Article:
What you will learn

Create your own professional solutions following the project blueprints in this book Integrate Inkscape and other free design programs in a professional workflow efficiently Use Inkscape for more than illustration - design a logo, edit photos, and even design websites in vector Get to grips with troubleshooting, export the proper format, and find and correct errors in vector files Gain no-fluff practical knowledge of the tools in Inkscape and vector design methods Broaden your understanding of the fundamentals of vector designing

Product Details

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Publication date : Dec 29, 2022
Length 230 pages
Edition : 1st Edition
Language : English
ISBN-13 : 9781803243146
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Product Details

Publication date : Dec 29, 2022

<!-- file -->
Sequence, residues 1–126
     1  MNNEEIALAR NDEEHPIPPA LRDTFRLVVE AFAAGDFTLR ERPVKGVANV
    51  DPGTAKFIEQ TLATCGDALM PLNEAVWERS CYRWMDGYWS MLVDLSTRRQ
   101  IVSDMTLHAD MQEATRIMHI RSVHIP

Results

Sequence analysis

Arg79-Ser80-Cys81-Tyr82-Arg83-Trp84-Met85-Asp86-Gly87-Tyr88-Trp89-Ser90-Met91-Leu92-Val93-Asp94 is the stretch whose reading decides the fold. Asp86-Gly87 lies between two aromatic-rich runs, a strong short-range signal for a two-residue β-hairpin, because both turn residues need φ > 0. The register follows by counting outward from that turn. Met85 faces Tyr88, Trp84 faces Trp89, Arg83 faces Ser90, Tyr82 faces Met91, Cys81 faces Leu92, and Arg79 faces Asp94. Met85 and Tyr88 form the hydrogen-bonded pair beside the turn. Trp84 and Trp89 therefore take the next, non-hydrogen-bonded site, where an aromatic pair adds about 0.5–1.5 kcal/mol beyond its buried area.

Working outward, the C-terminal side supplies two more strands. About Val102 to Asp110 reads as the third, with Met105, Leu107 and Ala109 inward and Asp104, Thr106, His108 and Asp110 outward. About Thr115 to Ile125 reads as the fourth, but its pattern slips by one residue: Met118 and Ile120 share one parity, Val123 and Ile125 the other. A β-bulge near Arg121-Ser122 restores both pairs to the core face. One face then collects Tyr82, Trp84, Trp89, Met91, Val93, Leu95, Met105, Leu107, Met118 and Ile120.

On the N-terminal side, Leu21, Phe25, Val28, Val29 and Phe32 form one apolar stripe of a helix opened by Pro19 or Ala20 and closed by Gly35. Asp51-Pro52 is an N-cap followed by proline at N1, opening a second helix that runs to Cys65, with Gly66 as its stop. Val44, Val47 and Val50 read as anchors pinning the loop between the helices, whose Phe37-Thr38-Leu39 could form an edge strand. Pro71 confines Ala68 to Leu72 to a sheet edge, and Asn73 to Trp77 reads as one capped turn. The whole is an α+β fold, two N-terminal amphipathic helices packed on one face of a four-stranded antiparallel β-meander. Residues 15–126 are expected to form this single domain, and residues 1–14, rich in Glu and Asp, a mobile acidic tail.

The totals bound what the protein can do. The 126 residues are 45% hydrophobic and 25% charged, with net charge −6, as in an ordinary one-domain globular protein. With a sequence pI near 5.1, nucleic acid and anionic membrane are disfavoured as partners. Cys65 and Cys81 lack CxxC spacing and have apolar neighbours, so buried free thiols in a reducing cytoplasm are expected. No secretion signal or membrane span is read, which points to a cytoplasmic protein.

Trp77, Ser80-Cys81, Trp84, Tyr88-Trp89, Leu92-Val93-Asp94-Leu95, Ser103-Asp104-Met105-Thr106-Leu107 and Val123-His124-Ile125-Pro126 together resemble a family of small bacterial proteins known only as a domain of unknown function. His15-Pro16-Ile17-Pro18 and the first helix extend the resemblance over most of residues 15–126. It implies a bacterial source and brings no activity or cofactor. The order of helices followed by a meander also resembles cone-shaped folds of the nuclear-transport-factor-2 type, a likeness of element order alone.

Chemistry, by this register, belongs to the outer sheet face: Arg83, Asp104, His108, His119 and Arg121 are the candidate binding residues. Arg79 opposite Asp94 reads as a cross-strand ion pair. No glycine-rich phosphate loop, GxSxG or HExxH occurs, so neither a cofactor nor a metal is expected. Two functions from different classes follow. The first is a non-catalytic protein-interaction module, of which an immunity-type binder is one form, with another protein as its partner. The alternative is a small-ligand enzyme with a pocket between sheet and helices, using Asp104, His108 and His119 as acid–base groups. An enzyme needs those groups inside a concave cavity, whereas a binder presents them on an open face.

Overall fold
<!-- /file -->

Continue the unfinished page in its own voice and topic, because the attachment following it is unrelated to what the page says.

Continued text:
Length 230 pages
Edition : 1st Edition
Language : English
ISBN-13 : 9781803243146
Category :
Concepts :

Table of Contents

12 Chapters
Preface Chevron down icon Chevron up icon
1. Chapter 1: Inkscape Is Ready for Work – Design a Business Card as a Warmup! Chevron down icon Chevron up icon
2. Chapter 2: Design a Clever Tech Logo with Inkscape Chevron down icon Chevron up icon
3. Chapter 3: Modular Icon Set Design with the Power of Vector Chevron down icon Chevron up icon
4. Chapter 4: Create Detailed Illustrations with Inkscape Chevron down icon Chevron up icon
5. Chapter 5: Edit a Photo and Create a Hero Image in Inkscape Chevron down icon Chevron up icon
6. Chapter 6: Flexible Website Layout Design for Desktop and Mobile with Inkscape Chevron down icon Chevron up icon
7. Chapter 7: Combine Inkscape and Other (Free) Programs in the Design Workflow Chevron down icon Chevron up icon
8. Chapter 8: Pro Tips and Tricks for Inkscapers Chevron down icon Chevron up icon
9. Chapter 9: Conclusion Chevron down icon Chevron up icon
10. Index Chevron down icon Chevron up icon
11. Other Books You May Enjoy Chevron down icon Chevron up icon